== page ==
- Summer Coleman, MSW, LGSW, Associate Psychotherapist, Integrated Behavioral Health, Tele-Health, CentraCare, Sartell, MN
- Wendy Miller, APRN, CNP, NCTTP, Family Nurse Practitioner, CentraCare Health – Paynesville, Paynesville, MN
We plan to demonstrate that integrated behavioral care through tele-health can support patient smoking cessation efforts. Implementing a bidirectional care model can reinforce and augment the care received from the medical health care provider. Smoking is a primary cause of morbidity and mortality. It negatively impacts outcomes for chronic disease patients resulting in significantly increased healthcare costs (Centers for Disease Control, 2019). Smoking cessation is a multifactorial process that includes addressing the underlying addiction through pharmacological measures along with promoting and supporting behavior change through motivational interviewing, cognitive behavioral strategies, and dialectical behavioral strategies. By working in tandem, integrated behavioral health providers and primary care providers can increase patient satisfaction, smoking cessation success rates, and a decrease in provider burnout. In rural communities, access to behavioral health care is sparse (Jolly, 2019). In this model, integrated behavioral health care is provided via technology to allow more access to patients. The tele-health is done by using a wall mounted screen in a designated tele-health room as well as by utilizing rolling iPad carts which can be taken directly into a patient’s room.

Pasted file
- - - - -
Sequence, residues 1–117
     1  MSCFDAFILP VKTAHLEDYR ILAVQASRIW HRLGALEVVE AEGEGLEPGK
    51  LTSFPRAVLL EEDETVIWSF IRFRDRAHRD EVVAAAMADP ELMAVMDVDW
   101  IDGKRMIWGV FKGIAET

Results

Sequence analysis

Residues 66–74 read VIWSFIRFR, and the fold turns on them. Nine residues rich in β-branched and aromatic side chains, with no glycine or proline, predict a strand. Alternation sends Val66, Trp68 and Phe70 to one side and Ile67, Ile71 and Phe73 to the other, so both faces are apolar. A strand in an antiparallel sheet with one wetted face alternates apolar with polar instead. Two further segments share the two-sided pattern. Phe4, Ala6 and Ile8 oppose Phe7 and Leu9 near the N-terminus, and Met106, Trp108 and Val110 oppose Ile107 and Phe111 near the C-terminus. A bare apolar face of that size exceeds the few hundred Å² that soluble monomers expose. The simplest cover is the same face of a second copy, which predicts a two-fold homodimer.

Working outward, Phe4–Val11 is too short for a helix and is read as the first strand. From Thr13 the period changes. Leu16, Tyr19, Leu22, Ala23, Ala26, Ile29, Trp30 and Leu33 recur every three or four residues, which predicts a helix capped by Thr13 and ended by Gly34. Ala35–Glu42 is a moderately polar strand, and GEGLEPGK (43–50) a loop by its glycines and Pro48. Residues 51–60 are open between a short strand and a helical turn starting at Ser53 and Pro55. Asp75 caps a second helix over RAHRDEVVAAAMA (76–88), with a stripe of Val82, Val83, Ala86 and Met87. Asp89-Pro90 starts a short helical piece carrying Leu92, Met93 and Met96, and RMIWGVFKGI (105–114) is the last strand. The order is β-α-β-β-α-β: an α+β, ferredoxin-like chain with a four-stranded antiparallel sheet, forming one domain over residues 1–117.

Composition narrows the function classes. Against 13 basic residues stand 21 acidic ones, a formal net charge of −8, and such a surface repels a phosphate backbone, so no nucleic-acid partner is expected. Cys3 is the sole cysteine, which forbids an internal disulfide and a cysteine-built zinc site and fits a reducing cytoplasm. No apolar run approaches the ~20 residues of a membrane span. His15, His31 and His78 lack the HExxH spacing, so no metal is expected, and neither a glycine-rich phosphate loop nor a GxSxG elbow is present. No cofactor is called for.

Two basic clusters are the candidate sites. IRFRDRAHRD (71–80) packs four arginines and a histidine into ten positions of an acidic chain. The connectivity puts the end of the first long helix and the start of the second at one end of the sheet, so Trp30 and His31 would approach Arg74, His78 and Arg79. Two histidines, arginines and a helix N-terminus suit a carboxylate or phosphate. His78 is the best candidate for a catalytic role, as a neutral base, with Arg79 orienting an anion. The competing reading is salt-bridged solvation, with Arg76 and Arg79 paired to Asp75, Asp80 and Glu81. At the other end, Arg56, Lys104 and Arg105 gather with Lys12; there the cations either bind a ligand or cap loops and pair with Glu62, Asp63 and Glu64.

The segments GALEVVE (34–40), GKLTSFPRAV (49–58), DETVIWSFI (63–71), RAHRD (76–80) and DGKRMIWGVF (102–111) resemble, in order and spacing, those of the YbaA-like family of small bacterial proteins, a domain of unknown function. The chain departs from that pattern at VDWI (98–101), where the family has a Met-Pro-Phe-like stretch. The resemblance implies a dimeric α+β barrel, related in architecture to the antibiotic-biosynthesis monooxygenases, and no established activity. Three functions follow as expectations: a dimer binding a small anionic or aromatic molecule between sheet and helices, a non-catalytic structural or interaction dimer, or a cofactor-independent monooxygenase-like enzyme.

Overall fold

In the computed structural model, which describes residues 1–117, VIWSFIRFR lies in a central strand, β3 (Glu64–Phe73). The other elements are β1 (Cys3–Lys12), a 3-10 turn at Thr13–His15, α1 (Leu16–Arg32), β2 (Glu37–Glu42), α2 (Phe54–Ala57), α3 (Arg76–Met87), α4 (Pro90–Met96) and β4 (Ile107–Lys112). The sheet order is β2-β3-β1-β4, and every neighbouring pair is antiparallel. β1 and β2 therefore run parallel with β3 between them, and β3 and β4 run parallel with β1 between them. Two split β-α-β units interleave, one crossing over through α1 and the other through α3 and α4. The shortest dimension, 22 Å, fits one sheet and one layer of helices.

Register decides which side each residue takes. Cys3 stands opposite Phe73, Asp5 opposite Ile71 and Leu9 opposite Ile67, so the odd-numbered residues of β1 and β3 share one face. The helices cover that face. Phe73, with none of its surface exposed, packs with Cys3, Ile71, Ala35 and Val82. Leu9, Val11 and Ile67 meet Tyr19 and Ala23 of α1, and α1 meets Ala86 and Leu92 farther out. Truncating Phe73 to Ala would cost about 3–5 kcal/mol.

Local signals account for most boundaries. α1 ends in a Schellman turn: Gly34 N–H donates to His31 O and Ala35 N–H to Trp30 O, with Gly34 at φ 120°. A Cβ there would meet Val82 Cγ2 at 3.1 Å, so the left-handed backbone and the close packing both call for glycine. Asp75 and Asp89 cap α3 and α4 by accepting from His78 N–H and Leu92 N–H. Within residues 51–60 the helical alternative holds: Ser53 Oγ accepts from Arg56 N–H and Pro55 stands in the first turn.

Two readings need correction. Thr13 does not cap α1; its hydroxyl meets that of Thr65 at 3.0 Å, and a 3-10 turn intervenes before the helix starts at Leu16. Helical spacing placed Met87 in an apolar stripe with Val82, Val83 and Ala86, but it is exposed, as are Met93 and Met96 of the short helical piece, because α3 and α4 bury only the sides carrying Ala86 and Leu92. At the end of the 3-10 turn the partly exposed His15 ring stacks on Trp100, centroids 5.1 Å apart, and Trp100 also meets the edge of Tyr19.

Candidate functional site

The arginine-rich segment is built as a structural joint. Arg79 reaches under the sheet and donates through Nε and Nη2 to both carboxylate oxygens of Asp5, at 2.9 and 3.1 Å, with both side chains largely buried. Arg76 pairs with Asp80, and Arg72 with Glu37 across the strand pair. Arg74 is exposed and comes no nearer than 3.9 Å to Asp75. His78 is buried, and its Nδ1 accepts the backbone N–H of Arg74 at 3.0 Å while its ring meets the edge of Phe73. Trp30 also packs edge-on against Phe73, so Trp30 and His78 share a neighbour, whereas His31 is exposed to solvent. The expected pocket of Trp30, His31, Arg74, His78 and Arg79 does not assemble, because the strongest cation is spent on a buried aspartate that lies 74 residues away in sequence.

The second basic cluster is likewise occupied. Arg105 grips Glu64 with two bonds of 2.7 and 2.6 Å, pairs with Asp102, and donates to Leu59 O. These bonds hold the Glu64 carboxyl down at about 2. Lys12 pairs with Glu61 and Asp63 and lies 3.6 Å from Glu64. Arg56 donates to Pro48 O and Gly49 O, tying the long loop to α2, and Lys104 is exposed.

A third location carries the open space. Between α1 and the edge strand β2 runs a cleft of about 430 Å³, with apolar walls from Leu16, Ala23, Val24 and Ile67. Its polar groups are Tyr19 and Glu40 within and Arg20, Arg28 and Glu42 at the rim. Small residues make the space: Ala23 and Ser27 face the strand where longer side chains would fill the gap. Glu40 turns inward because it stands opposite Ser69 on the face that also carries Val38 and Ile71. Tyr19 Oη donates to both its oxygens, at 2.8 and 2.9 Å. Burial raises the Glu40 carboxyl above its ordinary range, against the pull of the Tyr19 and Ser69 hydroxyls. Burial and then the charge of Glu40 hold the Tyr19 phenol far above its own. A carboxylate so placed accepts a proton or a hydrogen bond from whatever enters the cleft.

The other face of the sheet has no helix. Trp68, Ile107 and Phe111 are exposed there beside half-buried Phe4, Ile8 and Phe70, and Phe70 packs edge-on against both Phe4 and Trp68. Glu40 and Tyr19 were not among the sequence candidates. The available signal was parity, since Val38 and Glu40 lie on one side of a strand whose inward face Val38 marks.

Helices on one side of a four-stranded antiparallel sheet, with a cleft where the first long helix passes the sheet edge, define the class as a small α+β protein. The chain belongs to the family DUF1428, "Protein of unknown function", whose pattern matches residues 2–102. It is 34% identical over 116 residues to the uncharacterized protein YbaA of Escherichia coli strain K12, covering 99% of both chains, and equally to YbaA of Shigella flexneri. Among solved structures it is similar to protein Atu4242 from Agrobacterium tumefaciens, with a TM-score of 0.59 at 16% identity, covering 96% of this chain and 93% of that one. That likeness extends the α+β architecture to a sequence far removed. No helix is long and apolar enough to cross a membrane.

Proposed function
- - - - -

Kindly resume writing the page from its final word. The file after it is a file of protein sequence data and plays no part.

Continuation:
- identify how team based care provides supports to primary care providers addressing smoking cessation.
- recognize the impact of using an interdisciplinary approach to addressing smoking cessation on patient satisfaction.
- discuss how technology can provide access to behavioral health services in a rural setting.